Sens. Collins and King and Reps. Pingree and Poliquin Repeatedly Urged the European Commission to Reject the Swedish Proposal to Ban Lobsters
Washington, D.C. — U.S. Senators Susan Collins and Angus King and U.S. Representatives Chellie Pingree and Bruce Poliquin responded to today’s announcement that the European Commission’s Committee on Invasive Alien Species has decided that they will not proceed with the listing of American lobster as an invasive species at the European Union level. The decision brings an end to the proposal that threatened to end live American lobster exports to EU countries. Senators Collins and King and Representatives Pingree and Poliquin have strongly advocated for the Maine lobster industry and urged the EU to reject the proposal.
“We are thrilled that the European Union listened to our concerns and will not list American lobster as an invasive species,” said Senators Collins and King and Representatives Pingree and Poliquin in a joint statement. “Since the import ban was requested by Sweden earlier this year, we repeatedly urged the European Union to reject the proposal, which would have had serious negative effects on thousands of hardworking Mainers who earn a living through the lobster industry. We are pleased that the European Commission took into account the firm scientific evidence as well as the consequences this harmful proposal could have had on the $200 million lobster trade and the thousands of Maine jobs that rely on it.”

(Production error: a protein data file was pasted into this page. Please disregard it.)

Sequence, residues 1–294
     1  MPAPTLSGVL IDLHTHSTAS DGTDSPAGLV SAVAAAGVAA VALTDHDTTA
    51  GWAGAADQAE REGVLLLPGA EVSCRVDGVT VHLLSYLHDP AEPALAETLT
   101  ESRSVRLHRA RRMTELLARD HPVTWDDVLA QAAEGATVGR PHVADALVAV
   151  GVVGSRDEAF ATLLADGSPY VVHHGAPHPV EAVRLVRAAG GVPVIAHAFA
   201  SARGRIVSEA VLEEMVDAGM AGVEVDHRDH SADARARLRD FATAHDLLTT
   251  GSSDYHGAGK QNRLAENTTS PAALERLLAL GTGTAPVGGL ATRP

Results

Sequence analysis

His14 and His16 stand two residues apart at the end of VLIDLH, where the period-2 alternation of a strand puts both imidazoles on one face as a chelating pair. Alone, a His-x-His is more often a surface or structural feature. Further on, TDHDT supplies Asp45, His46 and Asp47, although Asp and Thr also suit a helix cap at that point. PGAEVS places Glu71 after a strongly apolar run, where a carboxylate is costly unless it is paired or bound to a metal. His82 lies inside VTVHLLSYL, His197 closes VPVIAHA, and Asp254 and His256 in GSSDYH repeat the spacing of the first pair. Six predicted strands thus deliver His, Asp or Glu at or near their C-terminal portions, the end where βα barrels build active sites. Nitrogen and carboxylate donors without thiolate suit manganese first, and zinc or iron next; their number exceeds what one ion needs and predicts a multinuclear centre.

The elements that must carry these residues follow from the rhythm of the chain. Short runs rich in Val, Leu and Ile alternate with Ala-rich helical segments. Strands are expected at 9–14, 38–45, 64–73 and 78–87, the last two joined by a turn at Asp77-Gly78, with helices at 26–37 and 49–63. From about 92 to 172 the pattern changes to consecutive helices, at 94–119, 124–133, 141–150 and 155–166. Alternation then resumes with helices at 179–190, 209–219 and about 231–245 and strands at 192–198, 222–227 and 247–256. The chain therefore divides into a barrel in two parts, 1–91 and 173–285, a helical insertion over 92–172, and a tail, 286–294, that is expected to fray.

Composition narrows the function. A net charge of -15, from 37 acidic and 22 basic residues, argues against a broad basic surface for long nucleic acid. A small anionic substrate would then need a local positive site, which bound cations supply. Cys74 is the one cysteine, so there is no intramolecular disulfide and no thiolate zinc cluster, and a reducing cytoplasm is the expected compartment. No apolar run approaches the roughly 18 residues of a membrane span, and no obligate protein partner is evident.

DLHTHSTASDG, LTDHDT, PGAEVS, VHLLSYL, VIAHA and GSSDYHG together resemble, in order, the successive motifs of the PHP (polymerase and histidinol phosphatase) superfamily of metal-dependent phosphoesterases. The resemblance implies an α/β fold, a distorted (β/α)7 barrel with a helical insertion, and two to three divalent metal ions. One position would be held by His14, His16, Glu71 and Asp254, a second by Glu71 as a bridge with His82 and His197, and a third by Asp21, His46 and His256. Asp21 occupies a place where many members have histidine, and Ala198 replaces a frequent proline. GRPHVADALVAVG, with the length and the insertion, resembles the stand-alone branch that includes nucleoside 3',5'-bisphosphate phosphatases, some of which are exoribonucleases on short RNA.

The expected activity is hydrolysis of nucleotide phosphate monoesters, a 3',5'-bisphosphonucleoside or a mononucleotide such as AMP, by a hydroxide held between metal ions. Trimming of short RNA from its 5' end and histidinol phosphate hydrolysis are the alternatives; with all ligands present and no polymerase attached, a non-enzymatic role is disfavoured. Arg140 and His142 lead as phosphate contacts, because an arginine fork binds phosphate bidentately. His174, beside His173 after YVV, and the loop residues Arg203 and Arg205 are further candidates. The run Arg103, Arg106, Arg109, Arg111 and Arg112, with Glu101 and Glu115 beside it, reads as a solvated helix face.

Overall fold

On March 28, 2016, the Maine delegation sent a letter to Secretary of State John Kerry, U.S. Trade Representative Michael Froman and NOAA Administrator Dr. Kathryn Sullivan, urging them “engage in immediate efforts to ensure the continuation of safe and responsible import of live Maine lobster.”
On June 17, 2016, in a letter to Daniel Calleja Crespo, Director General of Environment at the EU, members of the New England Congressional delegation, including U.S. Senators Susan Collins and Angus King and Representative Chellie Pingree urged the European Union to reject the proposed lobster ban and reinforced the joint paper’s conclusion.
On June 22, 2016 the Maine delegation announced that a scientific committee of the European Union was going to consider the arguments presented by top U.S. and Canadian scientists in response to a Swedish request to ban the import of American lobsters into the EU.
On September 16, 2016, the Maine delegation wrote to Daniel Calleja Crespo, Director General of Environment at the EU, requesting that the proposal continue to be measured against peer-reviewed science. The letter also urged Mr. Crespo to consider the economic repercussions of the proposed ban.
Lobster continues to be one of the largest catches in U.S. waters, with more than 120 million pounds landed each year. The industry is a significant economic driver and important cultural tradition for coastal communities.